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Mad About the Boy
Cover of Mad About the Boy
Mad About the Boy
Bridget Jones Series, Book 3

A GoodReads Reader's Choice
Bridget Jones—one of the most beloved characters in modern literature (v.g.)—is back! In Helen Fielding's wildly funny, hotly anticipated new novel, Bridget faces a few rather pressing questions:

What do you do when your girlfriend's sixtieth birthday party is the same day as your boyfriend's thirtieth?
Is it better to die of Botox or die of loneliness because you're so wrinkly?
Is it wrong to lie about your age when online dating?
Is it morally wrong to have a blow-dry when one of your children has head lice?
Is it normal to be too vain to put on your reading glasses when checking your toy boy for head lice?
Does the Dalai Lama actually tweet or is it his assistant?
Is it normal to get fewer followers the more you tweet?
Is technology now the fifth element? Or is that wood?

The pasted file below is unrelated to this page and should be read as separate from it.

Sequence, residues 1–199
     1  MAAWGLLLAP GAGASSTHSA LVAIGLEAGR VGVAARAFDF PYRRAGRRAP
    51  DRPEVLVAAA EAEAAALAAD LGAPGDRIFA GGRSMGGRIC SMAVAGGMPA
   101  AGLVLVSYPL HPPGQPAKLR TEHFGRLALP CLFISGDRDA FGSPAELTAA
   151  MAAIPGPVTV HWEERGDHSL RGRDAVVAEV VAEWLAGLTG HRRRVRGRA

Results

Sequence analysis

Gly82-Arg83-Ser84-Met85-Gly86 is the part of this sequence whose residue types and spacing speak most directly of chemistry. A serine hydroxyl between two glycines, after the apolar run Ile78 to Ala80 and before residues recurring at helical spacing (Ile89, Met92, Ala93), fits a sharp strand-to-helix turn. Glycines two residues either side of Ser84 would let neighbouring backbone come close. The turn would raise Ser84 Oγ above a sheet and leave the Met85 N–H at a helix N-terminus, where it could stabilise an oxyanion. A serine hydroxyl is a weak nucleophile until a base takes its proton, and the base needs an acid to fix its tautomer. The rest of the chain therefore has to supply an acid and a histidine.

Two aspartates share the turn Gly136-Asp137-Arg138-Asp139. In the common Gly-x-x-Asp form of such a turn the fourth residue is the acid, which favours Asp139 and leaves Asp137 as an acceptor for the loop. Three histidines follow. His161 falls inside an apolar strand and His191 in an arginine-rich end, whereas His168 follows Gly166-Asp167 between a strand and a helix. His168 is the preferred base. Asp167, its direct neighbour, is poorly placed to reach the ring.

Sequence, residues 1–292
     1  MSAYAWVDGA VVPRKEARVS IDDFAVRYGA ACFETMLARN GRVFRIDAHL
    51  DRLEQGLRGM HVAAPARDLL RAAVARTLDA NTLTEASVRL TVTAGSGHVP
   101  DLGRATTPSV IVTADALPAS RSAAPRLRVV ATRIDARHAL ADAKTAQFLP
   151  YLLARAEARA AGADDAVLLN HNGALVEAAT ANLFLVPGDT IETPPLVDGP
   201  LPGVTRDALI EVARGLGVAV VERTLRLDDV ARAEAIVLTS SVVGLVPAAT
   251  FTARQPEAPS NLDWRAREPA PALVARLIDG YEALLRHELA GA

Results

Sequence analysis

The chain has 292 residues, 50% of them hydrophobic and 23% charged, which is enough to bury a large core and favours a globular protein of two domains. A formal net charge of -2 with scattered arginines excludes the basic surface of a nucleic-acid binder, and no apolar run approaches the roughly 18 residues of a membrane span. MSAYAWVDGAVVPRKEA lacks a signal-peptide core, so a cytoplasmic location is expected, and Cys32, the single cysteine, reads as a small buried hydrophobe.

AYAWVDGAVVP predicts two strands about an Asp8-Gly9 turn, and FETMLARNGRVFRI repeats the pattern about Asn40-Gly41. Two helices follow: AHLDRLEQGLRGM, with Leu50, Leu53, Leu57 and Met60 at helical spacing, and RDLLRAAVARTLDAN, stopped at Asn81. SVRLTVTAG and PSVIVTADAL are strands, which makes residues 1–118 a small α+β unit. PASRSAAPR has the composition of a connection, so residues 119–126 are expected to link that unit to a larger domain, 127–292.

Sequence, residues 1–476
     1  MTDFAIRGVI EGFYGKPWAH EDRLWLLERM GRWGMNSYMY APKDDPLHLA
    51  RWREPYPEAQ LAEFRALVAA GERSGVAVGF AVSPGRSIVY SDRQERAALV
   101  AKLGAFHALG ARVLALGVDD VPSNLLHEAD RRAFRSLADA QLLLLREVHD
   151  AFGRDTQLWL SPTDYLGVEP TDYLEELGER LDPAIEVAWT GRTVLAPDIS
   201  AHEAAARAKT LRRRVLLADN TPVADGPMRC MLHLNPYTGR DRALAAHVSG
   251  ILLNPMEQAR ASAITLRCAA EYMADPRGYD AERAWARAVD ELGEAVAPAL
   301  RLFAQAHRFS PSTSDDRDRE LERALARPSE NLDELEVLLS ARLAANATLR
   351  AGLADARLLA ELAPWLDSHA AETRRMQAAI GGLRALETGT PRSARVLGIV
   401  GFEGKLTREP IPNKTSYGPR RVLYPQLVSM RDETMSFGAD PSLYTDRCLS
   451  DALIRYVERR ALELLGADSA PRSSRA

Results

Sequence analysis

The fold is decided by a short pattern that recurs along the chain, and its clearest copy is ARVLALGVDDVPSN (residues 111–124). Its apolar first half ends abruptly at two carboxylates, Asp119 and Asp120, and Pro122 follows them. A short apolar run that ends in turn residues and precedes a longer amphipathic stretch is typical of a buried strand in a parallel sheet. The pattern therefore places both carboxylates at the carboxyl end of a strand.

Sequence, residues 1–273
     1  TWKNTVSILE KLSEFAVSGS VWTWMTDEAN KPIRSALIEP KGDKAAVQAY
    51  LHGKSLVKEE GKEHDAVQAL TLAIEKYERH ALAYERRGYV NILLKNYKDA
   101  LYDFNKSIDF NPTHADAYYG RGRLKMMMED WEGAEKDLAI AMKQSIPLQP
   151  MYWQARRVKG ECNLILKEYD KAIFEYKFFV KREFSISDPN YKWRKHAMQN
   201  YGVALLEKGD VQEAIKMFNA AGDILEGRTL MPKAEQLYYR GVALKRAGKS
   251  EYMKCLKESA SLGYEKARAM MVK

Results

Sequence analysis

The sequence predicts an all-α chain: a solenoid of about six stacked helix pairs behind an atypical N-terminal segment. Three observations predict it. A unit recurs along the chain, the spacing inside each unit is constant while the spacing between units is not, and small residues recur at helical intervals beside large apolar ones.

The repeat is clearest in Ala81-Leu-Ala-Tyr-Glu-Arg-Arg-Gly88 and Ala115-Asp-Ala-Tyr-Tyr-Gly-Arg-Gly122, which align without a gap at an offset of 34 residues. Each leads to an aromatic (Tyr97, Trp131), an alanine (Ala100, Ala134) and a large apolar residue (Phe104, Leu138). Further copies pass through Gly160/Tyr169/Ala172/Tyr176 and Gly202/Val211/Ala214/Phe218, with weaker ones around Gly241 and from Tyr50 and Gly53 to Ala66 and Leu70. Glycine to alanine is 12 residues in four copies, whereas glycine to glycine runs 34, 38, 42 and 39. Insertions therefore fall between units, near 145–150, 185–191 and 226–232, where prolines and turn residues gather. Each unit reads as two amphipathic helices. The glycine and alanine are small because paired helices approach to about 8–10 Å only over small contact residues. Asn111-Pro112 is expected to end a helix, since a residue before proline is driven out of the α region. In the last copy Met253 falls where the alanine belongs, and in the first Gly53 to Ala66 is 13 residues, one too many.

If you put lip plumper on your hands do you get plump hands?
Is sleeping with someone after two dates and six weeks of texting the same as getting married after two meetings and six months of letter writing in Jane Austen's day?
Pondering these and other modern dilemmas, Bridget Jones stumbles through the challenges of loss, single motherhood, tweeting, texting, technology, and rediscovering her sexuality in—Warning! Bad, outdated phrase approaching!—middle age.
In a triumphant return after fourteen years of silence, Bridget Jones: Mad About the Boy is timely, tender, touching, page-turning, witty, wise, outrageous, and bloody hilarious.
TODAY Book Club Selection


From the Hardcover edition.

A GoodReads Reader's Choice
Bridget Jones—one of the most beloved characters in modern literature (v.g.)—is back! In Helen Fielding's wildly funny, hotly anticipated new novel, Bridget faces a few rather pressing questions:

What do you do when your girlfriend's sixtieth birthday party is the same day as your boyfriend's thirtieth?